What You Don’t Know Can Hurt You: Orange County Trustees Beware!

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Have you been nominated to act as Trustee of someone’s revocable Trust in Orange County?  If so, you have just been handed a big headache.  As Trustee you are charged with a mountain of duties and responsibilities.  Unfortunately, many people who act as Trustee fail to understand the many duties they have.  Instead, they think they can do whatever they like because they are now “in charge.”  Or they think they can act the same way as the Trust Settlor acted.  Wrong, wrong, wrong!

Don’t believe me?  Take a look at California Probate Code sections 16000 through 16105.  Add to that the Trustee power sections of 16200 through 16249.  While you are at it, might as well study the uniform principal and income act found at sections 16320 through 16375.  And then there’s the duties, responsibilities, and powers contained in the Trust document that usually contains 20 to 30 pages of legalese.

Wait you’re not done, now you have to review all the court cases that help to define and interpret these many code sections and Trust provisions.  Now you should be ready to start your job as Trustee.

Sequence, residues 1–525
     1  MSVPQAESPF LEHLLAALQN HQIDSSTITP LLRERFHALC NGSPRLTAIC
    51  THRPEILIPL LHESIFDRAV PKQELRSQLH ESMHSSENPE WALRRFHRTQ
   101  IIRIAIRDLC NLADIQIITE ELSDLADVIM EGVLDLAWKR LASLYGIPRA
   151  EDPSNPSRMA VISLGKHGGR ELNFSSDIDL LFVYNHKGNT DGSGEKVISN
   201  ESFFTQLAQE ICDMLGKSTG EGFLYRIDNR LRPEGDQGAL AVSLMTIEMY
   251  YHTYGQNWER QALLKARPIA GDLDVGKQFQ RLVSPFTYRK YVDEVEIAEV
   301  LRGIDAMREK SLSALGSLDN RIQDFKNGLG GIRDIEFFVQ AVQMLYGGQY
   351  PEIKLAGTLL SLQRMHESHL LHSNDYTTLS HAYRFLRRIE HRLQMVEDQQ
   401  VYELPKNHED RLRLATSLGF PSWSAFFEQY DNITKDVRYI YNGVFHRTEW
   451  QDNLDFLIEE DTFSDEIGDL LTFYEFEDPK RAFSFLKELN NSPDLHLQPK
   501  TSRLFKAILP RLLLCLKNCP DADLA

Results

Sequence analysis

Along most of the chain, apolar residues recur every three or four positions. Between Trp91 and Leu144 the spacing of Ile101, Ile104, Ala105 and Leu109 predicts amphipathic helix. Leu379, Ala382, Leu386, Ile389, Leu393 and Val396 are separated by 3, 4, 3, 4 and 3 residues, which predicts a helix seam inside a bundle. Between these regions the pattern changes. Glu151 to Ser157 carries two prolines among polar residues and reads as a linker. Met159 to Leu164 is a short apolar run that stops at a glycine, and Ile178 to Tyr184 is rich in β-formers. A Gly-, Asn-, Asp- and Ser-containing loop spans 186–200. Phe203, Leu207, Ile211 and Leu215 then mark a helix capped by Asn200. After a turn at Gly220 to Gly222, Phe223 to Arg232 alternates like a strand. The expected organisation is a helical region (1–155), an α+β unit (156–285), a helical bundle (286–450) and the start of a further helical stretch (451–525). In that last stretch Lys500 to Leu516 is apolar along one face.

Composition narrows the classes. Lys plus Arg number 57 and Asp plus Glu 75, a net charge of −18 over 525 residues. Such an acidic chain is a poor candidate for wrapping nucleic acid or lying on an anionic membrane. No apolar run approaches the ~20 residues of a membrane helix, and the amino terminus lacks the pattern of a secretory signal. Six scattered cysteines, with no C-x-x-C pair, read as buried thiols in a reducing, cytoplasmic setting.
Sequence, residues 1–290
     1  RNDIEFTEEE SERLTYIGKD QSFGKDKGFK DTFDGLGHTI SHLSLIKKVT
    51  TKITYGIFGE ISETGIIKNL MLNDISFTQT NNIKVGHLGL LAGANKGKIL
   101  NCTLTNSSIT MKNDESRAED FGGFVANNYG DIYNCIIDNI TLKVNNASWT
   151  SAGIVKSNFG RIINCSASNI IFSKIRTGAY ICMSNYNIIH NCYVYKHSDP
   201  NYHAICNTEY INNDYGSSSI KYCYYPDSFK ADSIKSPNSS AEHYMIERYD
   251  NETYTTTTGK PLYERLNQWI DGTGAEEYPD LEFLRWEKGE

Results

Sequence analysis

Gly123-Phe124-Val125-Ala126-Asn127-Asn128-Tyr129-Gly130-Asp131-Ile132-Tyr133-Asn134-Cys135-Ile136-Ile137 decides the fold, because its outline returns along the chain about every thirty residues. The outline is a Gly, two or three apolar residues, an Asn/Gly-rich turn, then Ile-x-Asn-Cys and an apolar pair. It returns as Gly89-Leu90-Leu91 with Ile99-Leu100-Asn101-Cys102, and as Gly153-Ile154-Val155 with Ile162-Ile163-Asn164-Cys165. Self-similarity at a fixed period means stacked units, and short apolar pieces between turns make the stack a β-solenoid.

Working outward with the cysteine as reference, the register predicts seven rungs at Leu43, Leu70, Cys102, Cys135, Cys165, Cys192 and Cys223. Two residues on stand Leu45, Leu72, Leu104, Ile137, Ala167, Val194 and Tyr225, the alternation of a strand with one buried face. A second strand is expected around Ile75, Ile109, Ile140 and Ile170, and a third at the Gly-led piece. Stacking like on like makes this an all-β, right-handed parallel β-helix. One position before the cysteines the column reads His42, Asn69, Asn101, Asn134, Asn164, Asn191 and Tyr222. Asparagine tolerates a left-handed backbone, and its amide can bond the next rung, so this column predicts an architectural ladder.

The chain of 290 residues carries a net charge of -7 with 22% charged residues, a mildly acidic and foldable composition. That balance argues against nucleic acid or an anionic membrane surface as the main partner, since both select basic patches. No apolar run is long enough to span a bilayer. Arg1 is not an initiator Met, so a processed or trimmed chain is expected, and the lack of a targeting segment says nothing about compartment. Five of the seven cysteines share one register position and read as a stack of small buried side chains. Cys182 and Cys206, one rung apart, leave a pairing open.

And if you happen to ignore or violate any of these duties and responsibilities, then you will be personally liable for the loss the Trust incurs as a result of your actions (or inactions—you can be held liable for not acting too).

Now how do you feel about acting as Trustee?  Nervous (I hope).  Being a Trustee is a large, thankless job that often results in accusations of wrongdoing.  The best way to proceed as Trustee is to follow a few simple, basic precepts:

  • Act reasonably.  As Trustee you are required to act as a “reasonable, prudent” person would act.  That means making conservative decisions that helps protect the Trust assets.
  • Treat all beneficiaries fairly and equally.  The biggest mistake individual Trustees make is to favor one beneficiary over another.  You have a duty NOT to do that.  But more than that, a Court is not likely to hold you liable if you acted fairly and equally.
  • Hire professionals to help with taxes and financial investments.  There’s no reason to go it alone.  You have the right, in most cases, to hire and pay for professionals to help you out of the Trust funds.  And it is a benefit to the Trust to do so because it ensures a proper Trust administration.
  • Make distributions early and often.  If the Trust requires you to distribute assets to the beneficiaries do so as soon as you can.  The sooner the beneficiaries receive their money the less you will hear complaints.  Of course, you have to keep enough reserve to pay taxes and such.

You can be a great Trustee and have a successful Trust administration experience if you just follow a few simple rules.